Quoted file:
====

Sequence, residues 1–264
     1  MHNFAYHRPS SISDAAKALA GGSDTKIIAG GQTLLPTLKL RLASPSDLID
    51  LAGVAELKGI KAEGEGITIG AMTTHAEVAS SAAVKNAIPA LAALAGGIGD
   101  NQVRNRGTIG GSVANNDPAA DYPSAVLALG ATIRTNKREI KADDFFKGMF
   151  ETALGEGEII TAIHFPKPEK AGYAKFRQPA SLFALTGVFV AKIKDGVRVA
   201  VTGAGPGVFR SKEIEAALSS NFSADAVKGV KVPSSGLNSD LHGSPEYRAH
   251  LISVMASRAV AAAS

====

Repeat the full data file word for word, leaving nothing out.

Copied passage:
Sequence, residues 1–264
     1  MHNFAYHRPS SISDAAKALA GGSDTKIIAG GQTLLPTLKL RLASPSDLID
    51  LAGVAELKGI KAEGEGITIG AMTTHAEVAS SAAVKNAIPA LAALAGGIGD
   101  NQVRNRGTIG GSVANNDPAA DYPSAVLALG ATIRTNKREI KADDFFKGMF
   151  ETALGEGEII TAIHFPKPEK AGYAKFRQPA SLFALTGVFV AKIKDGVRVA
   201  VTGAGPGVFR SKEIEAALSS NFSADAVKGV KVPSSGLNSD LHGSPEYRAH
   251  LISVMASRAV AAAS